“How is building roads for the good of all, any different than using the public airwaves for the good of all? (the answer lies in the fact that roads don’t lean Left).”

    Heh…

  • http://adamantsun.blogspot.com Steve S

    re: comment 73.
    Yes, I addressed those.

  • http://www.roblogpolitics.blogspot.com RJ

    You addressed Pell Grants and student loans?

  • http://adamantsun.blogspot.com Steve S

    I addressed education.

  • http://www.elitistpig.com Dave Nalle

    Steve S:

    >>Unfortunately, that is just semantics. I support public airwaves and don’t feel people need to earn access to it.< <

    No, but the nature of public broadcasting is such that someone has to pay for it, either through taxes or through donations. Yet the potential is there for it to be commercially self sufficient, they've just never been pressured to make that move.

    >>and that does nothing to address my ideology/concern about the poor having access to education to climb the economic ladder.< <

    No one has suggested taking eduational opportunities away from kids, just trying to find ways to make them operate more cost-effectively, which ought to be of benefit to everyone including the kids..

    >> Private enterprise works for a profit. Public airwaves are free. See the conundrum? As I pointed out with the Disney example, private enterprise makes for lousy education, a private school system of course entirely different. As for Discovery, TLC, while those are actually better educationally than the public airwaves, those are for profit and those are not for the poor and downtrodden. So the concerns of creating doors to the middle class are not there for private enterprise.< <

    If Discovery and TLC can provide better education programming on a commercial basis, why wouldn't PBS also do a better job if they moved to a commercial funding model?

    >>Private enterprise can put a man in space, I think private enterprise could pave dirt. No, private enterprise doesn’t get into road building because no one directly benefits from it. We all do collectively, so no one wants to pay for it singularly, we all have to collectively. The same principle applies to social programs.< <

    The nature of private enterprise is to only do those things which can produce a profit. Building roads cannot, therefore it falls to the government. It's a perfect example of the kind of thing government should be doing. Social programs also fall under government's umbrella for the same reason. But PBS does not, because it's been clearly demonstrated - as you said - that it can be done better for profit and without government involvement.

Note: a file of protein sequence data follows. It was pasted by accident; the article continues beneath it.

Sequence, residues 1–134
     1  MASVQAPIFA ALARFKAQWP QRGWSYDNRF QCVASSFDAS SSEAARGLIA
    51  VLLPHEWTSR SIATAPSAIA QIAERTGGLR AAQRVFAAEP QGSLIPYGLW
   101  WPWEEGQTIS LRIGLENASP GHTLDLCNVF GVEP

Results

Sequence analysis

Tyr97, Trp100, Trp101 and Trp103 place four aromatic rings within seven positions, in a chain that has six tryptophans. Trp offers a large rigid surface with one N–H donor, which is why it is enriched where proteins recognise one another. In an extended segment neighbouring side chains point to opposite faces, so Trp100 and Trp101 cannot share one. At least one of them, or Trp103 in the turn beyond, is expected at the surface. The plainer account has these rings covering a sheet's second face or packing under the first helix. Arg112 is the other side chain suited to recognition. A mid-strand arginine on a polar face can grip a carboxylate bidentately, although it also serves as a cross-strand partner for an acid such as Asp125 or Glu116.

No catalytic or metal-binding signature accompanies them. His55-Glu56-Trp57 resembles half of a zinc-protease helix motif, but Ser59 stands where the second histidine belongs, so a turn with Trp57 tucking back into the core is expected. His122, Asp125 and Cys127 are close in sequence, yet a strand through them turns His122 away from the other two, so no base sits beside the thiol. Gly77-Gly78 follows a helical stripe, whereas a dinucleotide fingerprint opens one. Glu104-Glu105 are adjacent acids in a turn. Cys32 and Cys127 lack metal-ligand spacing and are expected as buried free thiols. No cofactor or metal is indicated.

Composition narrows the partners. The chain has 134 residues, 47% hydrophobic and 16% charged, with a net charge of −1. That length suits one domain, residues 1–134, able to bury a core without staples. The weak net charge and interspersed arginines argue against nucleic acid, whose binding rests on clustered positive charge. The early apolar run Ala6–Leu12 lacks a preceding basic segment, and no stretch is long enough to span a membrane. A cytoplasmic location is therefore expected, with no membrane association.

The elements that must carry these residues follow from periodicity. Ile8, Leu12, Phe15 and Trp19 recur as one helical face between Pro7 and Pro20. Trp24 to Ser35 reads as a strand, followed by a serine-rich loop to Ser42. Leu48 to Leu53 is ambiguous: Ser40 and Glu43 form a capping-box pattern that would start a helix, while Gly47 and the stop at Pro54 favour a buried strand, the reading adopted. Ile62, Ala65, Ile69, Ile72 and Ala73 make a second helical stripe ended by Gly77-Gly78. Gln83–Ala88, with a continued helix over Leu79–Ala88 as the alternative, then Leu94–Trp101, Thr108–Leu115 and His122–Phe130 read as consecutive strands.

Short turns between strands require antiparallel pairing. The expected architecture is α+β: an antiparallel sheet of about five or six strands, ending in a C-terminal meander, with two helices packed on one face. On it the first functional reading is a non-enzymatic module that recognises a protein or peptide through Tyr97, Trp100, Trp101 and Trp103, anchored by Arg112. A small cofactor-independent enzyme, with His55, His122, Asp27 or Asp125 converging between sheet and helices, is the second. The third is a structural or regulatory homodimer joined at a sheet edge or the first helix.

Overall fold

>>If government only did things that everybody liked, nothing would get done because there’s always somebody who’s going to object to something. If you think it sucks, then you work to change it is my philosophy. Make it something you do like.< <

    That's completely unrealistic. One person can't change an entire school district fast enough to benefit kids who are already in it. By the time your kids are old enough for you to care about the quality of the school district it's too late to do anything. The entrenched powers running the district are highly resistent to change, they're backed by powerful organizations like the NEA and they have all the administrators on their side. The only way to get a quick fix is to go over their heads to state government and get them to implement a system like vouchers which lets you get your kids out of that unacceptable situation.

    >>Note that my town is primarily Hispanic and mostly field workers or walmart employees. Towns primarily white like LA or SF or Sacramento still have their libraries just fine.<<

    I suspect that this is because they have the tax base for local government to provide the libraries rather than relying on state support.

    If I were in your situation where our town had lost it’s library I’d go to city hall or a local business or a local church and offer to gather donated books if they’d provide a bit of space to put them in so that people could check them out. I bet you could start a volunteer library that would do a fine job. That’s how local libraries got their start 100 years ago and there’s no reason why it can’t work now.

    Dave

  • http://adamantsun.blogspot.com Steve S

    If Discovery and TLC can provide better education programming on a commercial basis, why wouldn’t PBS also do a better job if they moved to a commercial funding model?

    I’m guessing if they moved to a commercial model like Discovery or TLC, then they would cost extra per month, which makes them unavailable to the downtrodden.

    But PBS does not, because it’s been clearly demonstrated – as you said – that it can be done better for profit and without government involvement.

    I’m not a policy maker, just a guy who believes in a principle. That principle is making doors open to the middle class for people in poverty. Free education does that. I’ve pointed out that while commerical tv might be better than government funded tv, commercial tv does not address the ‘free to the public’ aspect.

    So to answer your question, yes, PBS might be ‘better’ on a commercial level, but that does not address my concern of making it available for free. Are you talking about making it private and then letting them decide how much they want to charge or not, or making it private but mandating that it still be free to citizens?